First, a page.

Table of Contents
Moderates and Extremists:
Congress was founded in 1885 A.D. At first, its leaders were liberal and they did not intend to launch a struggle against the British government. They were in favour of having their demands accepted through constitutional and peaceful means. These moderate leaders held on till 1905 A.D. But in the meantime, some events had taken place which guided some leaders of the Indian National Congress to give up the liberal peaceful policy and take to the path of struggle. These leaders included Bal Gangadhar Tilak, Bipin Chandra Pal, Lala Lajpat Rai and Aurbindo Gosh. They were known as the Extremists. In the Surat session of the Congress (1907 A.D.) a split occurred between the Moderates and Extremists leaders of the Indian National Congress. But as the number of extremists leaders was comparatively small, the moderates had the upper hand.
Main Points of Disagreement between Moderates and Extremists:
Chief points of disagreement between the views and policies of the two groups of the leaders of the Indian National congress were as under-
- The Moderates wanted to remain loyal to the British Government while the extremist chose to be hostile.
- The Moderates had faith in the sense of justice of the British Government. They were of the view that the British were very honest and just. But the Extremists had no such faith and doubted their integrity.
- The moderates were in favour of the economic and social development of the Indian people under the control and supervision of the British Government while the Extremists believed that India cannot progress keeping any sort of relation with Britian.
- The Moderates wanted to give priority to the economic uplift of the Indian people to their political progress. But the Extremists were in favour of achieving political freedom first. They had come out with the slogan. Freedom is our Birth-right. They were of the view that without political freedom economic uplift could not be achieved.
- The Moderates were in favour of adopting peaceful means while the Extremists supported violent means.
- The Moderates supported constitutional ways i.e. requests, memoranda, letters and speeches etc. to have all of their demands fulfilled. But on the other hand, the extremists considered that liberty is never begged but snatched. They aimed at opposing every wrong move of the British Government. Discarding request and speeches, they highlighted sacrifices and struggle. The used Boycott and Swadeshi as very powerful tools to compel the government to grant freedom or Swaraj to the Indian people.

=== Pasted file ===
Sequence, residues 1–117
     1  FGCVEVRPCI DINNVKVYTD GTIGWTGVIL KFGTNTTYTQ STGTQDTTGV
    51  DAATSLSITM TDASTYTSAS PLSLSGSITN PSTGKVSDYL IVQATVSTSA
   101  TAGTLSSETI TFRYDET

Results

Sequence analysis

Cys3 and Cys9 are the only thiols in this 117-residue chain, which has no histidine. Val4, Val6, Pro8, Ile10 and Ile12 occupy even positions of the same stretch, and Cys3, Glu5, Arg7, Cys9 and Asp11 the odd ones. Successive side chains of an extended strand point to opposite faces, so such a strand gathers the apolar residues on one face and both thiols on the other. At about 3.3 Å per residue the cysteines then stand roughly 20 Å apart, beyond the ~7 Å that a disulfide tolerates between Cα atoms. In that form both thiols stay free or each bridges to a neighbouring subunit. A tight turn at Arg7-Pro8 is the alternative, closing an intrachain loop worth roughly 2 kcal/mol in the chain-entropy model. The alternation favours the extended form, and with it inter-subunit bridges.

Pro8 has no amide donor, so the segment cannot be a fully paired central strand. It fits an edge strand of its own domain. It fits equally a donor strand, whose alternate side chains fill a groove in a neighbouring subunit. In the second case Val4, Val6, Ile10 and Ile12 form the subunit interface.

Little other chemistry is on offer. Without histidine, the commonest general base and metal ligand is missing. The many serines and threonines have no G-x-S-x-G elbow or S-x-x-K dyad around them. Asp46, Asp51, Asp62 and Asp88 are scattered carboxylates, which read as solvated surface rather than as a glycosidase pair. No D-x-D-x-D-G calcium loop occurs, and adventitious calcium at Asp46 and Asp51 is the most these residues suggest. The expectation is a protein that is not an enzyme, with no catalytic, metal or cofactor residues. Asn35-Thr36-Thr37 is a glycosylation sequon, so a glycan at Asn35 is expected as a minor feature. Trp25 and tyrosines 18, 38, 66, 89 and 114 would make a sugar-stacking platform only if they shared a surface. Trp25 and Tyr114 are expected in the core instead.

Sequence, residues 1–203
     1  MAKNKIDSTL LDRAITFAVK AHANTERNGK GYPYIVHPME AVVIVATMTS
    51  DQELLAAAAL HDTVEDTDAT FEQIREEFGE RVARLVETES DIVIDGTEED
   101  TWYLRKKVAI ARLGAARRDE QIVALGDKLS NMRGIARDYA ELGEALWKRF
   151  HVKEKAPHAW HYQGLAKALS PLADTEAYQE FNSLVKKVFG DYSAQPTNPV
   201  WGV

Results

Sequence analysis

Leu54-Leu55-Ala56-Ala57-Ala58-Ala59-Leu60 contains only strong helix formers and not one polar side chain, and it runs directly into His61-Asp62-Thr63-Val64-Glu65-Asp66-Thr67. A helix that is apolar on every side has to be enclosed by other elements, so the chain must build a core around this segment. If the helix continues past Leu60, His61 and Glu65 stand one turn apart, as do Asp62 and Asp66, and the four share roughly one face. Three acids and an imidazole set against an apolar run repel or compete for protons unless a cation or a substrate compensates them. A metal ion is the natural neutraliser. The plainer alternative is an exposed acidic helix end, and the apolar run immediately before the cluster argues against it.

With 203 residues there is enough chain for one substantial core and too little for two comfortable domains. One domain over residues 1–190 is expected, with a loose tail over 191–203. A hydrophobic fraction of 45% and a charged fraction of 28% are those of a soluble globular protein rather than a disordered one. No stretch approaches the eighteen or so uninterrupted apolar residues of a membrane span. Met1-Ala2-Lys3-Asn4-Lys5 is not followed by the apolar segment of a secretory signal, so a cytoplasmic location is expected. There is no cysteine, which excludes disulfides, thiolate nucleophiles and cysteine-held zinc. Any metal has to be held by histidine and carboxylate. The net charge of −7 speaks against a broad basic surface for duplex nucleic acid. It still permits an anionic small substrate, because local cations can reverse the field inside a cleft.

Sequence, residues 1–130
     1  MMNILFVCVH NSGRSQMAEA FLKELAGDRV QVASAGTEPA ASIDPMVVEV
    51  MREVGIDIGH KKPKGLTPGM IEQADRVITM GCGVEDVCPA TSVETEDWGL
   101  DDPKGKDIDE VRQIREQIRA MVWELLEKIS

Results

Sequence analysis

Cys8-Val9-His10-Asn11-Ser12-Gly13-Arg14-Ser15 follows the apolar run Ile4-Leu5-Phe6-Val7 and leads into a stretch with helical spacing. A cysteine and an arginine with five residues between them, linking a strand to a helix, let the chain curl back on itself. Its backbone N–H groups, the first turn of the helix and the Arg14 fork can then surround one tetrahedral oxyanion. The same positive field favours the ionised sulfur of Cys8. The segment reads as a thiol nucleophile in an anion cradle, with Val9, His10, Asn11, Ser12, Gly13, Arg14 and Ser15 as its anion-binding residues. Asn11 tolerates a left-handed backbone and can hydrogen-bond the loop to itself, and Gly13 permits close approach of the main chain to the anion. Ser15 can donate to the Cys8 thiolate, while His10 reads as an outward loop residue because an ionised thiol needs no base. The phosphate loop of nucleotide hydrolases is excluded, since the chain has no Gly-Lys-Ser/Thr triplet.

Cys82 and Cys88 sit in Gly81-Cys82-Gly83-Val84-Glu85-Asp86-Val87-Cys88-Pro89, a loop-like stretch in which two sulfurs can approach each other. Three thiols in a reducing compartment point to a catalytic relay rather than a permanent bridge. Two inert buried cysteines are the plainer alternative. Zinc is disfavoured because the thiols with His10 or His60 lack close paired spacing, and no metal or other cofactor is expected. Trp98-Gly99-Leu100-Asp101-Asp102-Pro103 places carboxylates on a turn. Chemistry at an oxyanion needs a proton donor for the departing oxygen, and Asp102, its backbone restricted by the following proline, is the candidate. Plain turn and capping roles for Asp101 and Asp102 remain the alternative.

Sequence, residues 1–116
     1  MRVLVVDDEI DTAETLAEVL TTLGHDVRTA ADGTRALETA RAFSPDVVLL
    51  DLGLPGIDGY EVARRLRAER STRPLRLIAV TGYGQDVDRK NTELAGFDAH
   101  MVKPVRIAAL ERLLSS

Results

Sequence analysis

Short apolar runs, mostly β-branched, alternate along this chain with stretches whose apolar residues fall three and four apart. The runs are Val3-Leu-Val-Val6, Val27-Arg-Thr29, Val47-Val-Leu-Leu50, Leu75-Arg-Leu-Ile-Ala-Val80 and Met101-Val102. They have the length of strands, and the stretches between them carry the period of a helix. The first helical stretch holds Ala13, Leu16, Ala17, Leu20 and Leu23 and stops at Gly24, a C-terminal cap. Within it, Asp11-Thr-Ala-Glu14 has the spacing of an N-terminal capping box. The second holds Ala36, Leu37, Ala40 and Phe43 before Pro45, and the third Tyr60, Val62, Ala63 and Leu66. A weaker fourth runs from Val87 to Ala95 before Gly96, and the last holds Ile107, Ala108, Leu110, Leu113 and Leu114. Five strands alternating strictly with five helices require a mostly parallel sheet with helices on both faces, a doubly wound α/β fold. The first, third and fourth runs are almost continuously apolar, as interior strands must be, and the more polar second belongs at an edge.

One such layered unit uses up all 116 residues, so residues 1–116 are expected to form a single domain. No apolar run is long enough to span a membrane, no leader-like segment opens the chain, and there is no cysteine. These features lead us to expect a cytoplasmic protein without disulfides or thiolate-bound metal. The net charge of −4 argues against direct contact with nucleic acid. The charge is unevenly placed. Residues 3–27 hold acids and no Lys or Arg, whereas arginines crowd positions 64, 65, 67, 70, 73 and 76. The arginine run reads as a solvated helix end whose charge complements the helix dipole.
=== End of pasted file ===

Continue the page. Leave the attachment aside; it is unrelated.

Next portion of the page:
- The British Government was lenient towards the moderates while it was having a very harsh and inimical attitude towards the extremists.
Part Played by the Extremists in Indian National Movements:
The Extremists (i.e. Lok Manya Bal Gangadhar Tilak, Lala Lajpat Rai, Bipin Chandra Pal, Aurbindo Gosh, Ashwini Kumar Datta etc.) inspired the Indian people with a spirit of nationalism through the Swadeshi Movement and the Boycott Movement. As a result, people developed hatred towards the British rulers and their goods as also they came to be bolder and outspoken.
Causes of more popularity of the Extremists than the Moderates:
- The extremists were devoted to Indian culture while the moderates mostly praised the western culture.
- The British government did not accept any of the major demands of the Moderates. As a result, the Extremists won more popularity.
- The Extremists openly criticized the British government policies in a bitter language while the moderates hesitated to do so.
- The country suffered severe famine and dangerous epidemics between 1896 and 1900 A.D. The government took no measure of relief to help the suffering masses. Consequently, the people lost all faith in the British Government and extended full support to the Extremists.
- The government committed untold excesses and cruelties on the Extremists. They were beaten, jailed and deposited. It was natural that popular sympathy should be with them.